“A declaration that Saraki cannot be compelled to vacate his office on the ground that he is not a member of the party with majority of Senators in the Senate.

“A declaration that cannot be said to have vacated his office by virtue of Section 50(2)(a) of the Constitutlon when he has not ceased to be a member of the Senate.

“A declaration that the President of the Senate cannot be said to have vacated his office as President of the Senate by virtue of Section 50(2)(b) of the Constitution when the 8th Senate of which he is the President has not been dissolved.

“A declaration that the President of the Senate cannot be said to have vacated his office by virtue of Section 50(2)(c) of the Constitution when he has not been removed from office by the votes of not less than two third majority of the members of the Senate.

In addition, they want a declaration that in view of Section 50(2)(c) and the fact that the members of the Senate are 109 in number, any number less than 72 out of the 109 members of the Senate cannot validly sit and remove the President of the Senate of the Federal Republic of Nigeria whether by impeachment or whatever name so called.

Further more, the plaintiffs want the court to declare that by a combined reading of Sections 5 and 150(1) of the Constitution, any of the 8th to 10th and 11th defendants or their privies, agents, servants in whatsoever name so called cannot validly enforce any act of the 1st, 3rd to 8th defendants, whether jointly or severally, removing the 2nd defendant from office without such act being in compliance with Section 50(2) of the Constitution of the Federal Republic of Nigeria, 1999 (as amended).

By the suit, the plaintiffs therefore want an order of court restraining the 9th, 10th and 11th defendants, either by themselves, agents, servants, privies by whatsoever name so called from enforcing any act of the 1st, 3rd to 8th defendants purporting to have removed the 2nd defendant from office without such act being in compliance with the provisions of Sections 50(2) of the Constitution of the Fedora! Republic of Nigeria, 1999 (as amended).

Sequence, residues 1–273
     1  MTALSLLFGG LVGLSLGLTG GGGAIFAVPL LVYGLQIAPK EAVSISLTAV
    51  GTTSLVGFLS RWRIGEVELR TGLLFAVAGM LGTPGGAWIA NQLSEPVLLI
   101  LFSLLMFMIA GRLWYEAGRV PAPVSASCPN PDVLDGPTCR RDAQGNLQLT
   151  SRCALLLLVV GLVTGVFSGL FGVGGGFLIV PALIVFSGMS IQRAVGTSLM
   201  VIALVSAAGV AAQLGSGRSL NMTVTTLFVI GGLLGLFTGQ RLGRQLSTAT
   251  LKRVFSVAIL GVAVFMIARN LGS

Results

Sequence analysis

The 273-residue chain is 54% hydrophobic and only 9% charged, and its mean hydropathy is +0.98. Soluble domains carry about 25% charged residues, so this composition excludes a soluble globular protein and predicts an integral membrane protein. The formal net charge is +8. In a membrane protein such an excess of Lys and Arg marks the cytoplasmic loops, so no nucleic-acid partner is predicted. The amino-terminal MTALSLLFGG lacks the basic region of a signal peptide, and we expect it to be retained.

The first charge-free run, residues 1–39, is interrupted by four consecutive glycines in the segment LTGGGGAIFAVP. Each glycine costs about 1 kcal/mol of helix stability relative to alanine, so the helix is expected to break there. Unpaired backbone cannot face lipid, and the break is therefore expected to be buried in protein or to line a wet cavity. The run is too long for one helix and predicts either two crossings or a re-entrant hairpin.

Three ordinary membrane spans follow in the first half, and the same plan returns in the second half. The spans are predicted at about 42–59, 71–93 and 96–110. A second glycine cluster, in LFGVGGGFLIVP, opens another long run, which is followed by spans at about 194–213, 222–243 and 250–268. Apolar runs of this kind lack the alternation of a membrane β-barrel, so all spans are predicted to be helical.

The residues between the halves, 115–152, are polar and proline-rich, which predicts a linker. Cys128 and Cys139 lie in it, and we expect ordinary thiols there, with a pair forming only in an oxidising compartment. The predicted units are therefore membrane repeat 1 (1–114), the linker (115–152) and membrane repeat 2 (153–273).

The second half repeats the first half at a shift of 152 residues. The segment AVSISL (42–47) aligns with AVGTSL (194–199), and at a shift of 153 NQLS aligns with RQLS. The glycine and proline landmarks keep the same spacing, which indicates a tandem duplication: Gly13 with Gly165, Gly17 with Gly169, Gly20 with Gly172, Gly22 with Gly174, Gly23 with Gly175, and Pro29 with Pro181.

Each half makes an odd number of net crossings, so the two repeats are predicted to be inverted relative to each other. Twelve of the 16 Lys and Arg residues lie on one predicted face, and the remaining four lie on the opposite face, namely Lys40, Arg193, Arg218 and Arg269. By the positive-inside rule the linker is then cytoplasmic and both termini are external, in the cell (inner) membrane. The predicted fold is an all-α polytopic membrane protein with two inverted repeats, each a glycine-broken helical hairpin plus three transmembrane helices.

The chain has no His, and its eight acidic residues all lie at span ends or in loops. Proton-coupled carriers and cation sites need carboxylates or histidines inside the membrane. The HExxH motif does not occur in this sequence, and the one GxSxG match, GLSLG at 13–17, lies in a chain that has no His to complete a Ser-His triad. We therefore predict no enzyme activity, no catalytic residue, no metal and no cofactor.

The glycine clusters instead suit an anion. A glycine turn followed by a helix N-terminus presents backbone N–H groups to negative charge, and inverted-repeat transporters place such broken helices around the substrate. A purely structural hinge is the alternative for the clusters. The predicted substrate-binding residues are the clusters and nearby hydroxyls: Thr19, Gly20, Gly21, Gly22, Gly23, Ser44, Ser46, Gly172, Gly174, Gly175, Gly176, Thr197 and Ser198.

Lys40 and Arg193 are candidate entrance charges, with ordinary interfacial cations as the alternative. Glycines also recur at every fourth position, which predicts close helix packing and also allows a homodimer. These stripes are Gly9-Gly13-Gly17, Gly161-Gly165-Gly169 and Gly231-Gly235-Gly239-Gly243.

An affidavit deposed to by Senator Isah Misau in support of the originating summon, averred that the agents of the 10th and 11th defendants have taken steps to flagrantly breach the provision of Section 50(i)and 2 of the Constitution by employing their agents and privies to disrupt the plenary of the 1st defendant without recourse to the provision to Section 50(2)(c) of the 1999 Constitution, as amended.

Misau stated that the constitutional provision of removal of the President of Senate as contained in Section 50(2)(c) of the Constitution does not empower the 9th, 10thand 11th sefendant: to unlawfully interfere with the legistative duties of the 1st defendant by causing blockade at the premises of the National Assembly Complex or using their agents to disrupt the lawful duties of the Senate of the Federal Republic of Nigeria.

The deponent posited that the court is statutorily empowered under Section 6(6)(b) of the Constitution to prevent the usurpation of the powers of the 1st defendant by granting the interlocutory reliefs pending the hearing and determination of the substantive suit.

He stated further that on the 6th of August, 2018, the agents of the 9th and 11th defendants blocked the major entrants leading to the National Assembly Complex and thereafter directed their agent not to allow the Senators, House of Representative Members as well as the staff of the National Assembly to access the National Assembly complex.

“That the essence of that blockade was to pave the way to few members of the Senate to sit and impeach the Senate President without recourse to the provisions of Section 50(2)(c) of the Constitution.

Misau contended that the court is statutory empowered to intervene and curtail the excesses of the acts of the defendants which are in flagrant violation of Section 50(2)(c) of the Constitution.

No date has been fixed for hearing of the matter